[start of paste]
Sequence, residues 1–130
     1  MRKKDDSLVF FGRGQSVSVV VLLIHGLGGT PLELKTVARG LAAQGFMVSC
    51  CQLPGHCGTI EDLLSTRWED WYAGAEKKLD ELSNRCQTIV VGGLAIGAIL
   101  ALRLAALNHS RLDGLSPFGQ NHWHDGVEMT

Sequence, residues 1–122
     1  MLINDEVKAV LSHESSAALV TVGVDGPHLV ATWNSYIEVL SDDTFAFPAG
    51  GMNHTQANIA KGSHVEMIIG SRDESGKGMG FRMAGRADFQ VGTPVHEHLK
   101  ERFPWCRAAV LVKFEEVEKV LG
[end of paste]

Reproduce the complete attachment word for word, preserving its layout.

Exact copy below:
Sequence, residues 1–130
     1  MRKKDDSLVF FGRGQSVSVV VLLIHGLGGT PLELKTVARG LAAQGFMVSC
    51  CQLPGHCGTI EDLLSTRWED WYAGAEKKLD ELSNRCQTIV VGGLAIGAIL
   101  ALRLAALNHS RLDGLSPFGQ NHWHDGVEMT

Sequence, residues 1–122
     1  MLINDEVKAV LSHESSAALV TVGVDGPHLV ATWNSYIEVL SDDTFAFPAG
    51  GMNHTQANIA KGSHVEMIIG SRDESGKGMG FRMAGRADFQ VGTPVHEHLK
   101  ERFPWCRAAV LVKFEEVEKV LG